Old Crow Medicine Show and Fifty Years of Blonde on Blonde

A few weeks before Matt's birthday I heard a concert roundup on one of the two radio stations I listen to in the car (The Colorado Sound) and learned that Old Crow Medicine Show was coming to Denver on May 14.


Matt has a number of options on the table for post-Air Force life; one of those options is to buy and retrofit himself a school bus, grow a foot-long beard, and follow Old Crow Medicine Show around the country to bluegrass festivals. While I have zero interest in living on a school bus, I do like Old Crow Medicine Show and back in March, a concert on a school/work night in the middle of May seemed like a great idea. I made tickets myself to present on his birthday because you never can tell what shady-looking piece of paper ticket you're going to get when you choose the option to have them delivered by mail.


It wasn't quite as easy to pull off a Sunday night concert as my March self thought it might be (especially after an already full weekend) but it was still a good idea. We listened to Blonde on Blonde on the way down to the Paramount Theatre, which is a grand old place downtown (read more about it here). It is hard for me to attend concerts in cool venues with only my phone, but I did my best to catch a few details.


The inside of the theater is ornate, though it is also one part optical illusion because so many of the details on the walls and ceiling are painted. We were in the balcony and on the wrong side for the most detailed painted scenes, but it was cool to see how much technique was used to create the illusion of relief. I wondered how much of the style was dictated by the times—I can't imagine it would have been easy to construct such a place during the Depression.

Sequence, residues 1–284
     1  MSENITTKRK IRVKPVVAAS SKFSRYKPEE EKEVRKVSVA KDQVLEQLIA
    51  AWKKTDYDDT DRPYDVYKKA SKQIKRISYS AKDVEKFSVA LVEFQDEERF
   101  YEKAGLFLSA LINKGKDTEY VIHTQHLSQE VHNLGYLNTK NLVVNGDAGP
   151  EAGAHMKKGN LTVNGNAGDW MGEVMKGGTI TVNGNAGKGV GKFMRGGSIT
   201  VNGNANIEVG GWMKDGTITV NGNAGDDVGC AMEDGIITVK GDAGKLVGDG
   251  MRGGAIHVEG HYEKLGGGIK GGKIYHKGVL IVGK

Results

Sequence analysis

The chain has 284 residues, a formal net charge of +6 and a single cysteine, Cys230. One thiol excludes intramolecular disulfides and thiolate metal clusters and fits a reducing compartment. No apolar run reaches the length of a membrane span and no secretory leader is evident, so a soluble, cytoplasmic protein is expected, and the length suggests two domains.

The beginning of the concert was sudden: the band marched out (complete with a bass drum and snare) to the first song on Blonde on Blonde, Rainy Day Women #12 & 35. The whole schtick of this tour is to celebrate the 50th anniversary of when this album was released, so it made sense. What didn't make sense: the annoying druggie couple in front of us with zero awareness of the people around them (and the limited personal space a theater built in the 1930s affords). We're all for Enjoying music (with a capital "E!") but they were an oblivious spectacle of what not to do at a concert. They got in trouble three times from various ushers and stumbled out at the intermission, never to return. No one in our section was sad about that.


What a show. They are masterful musicians, never missing a beat or a note and it's obvious how much they care about this music. [Whispering: we liked the Old Crow Medicine Show version of Bob Dylan's songs better than the Bob Dylan version of Bob Dylan's songs.] After the fourteen songs on the album were complete, they took a good, old-fashioned bow and headed off stage; their encore kicked off with another Bob Dylan song, Knockin' On Heaven's Door. So many people have recorded this over the years that it's easy to forget that it's originally a Bob Dylan song. There was a borderline awkward shuffling around before the next song, but it was all because of a special guest that came out to play with them next: John Hickenlooper, the governor of Colorado. That's him on the far left, playing banjo. The crowd roared for him and it was fun. True story: this is the second time we've seen Governor Hickenlooper on stage at a concert in Colorado, as he introduced the Avett Brothers at Red Rocks in 2011. This makes me giggle. The best line of the night by far was when Ketch Secor hollered "we're from Tennessee and our governor doesn't play the banjo!"

And then we had to navigate thousands of people and drive 100 miles home and be very, very sleepy on Monday morning. Live music is still worth it. So long as I'm not living on a school bus to catch it : )

Story gives people enough space to think for themselves.

ANNETTE SIMMONS

  • Instagram - White Circle
  • Flickr - White Circle
  • Pinterest - White Circle
  • LinkedIn - White Circle

Cheyenne, Wyoming

© 2007-2019 Elizabeth Dillow, LLC